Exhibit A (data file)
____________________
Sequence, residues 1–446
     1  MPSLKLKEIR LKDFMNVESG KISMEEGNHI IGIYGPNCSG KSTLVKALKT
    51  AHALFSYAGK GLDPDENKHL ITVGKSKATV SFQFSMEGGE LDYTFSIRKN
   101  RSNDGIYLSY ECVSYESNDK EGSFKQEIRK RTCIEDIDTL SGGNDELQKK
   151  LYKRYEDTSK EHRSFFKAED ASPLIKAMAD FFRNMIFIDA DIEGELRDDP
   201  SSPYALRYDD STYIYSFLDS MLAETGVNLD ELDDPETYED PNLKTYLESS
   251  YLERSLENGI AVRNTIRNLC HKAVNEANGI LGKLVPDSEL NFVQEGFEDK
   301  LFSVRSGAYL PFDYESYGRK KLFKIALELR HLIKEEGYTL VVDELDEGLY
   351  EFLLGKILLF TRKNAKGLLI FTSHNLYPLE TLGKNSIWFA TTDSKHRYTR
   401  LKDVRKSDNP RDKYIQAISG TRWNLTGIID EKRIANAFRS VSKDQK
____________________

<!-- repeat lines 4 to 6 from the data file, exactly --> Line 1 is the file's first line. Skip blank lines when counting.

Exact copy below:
   101  RSNDGIYLSY ECVSYESNDK EGSFKQEIRK RTCIEDIDTL SGGNDELQKK
   151  LYKRYEDTSK EHRSFFKAED ASPLIKAMAD FFRNMIFIDA DIEGELRDDP
   201  SSPYALRYDD STYIYSFLDS MLAETGVNLD ELDDPETYED PNLKTYLESS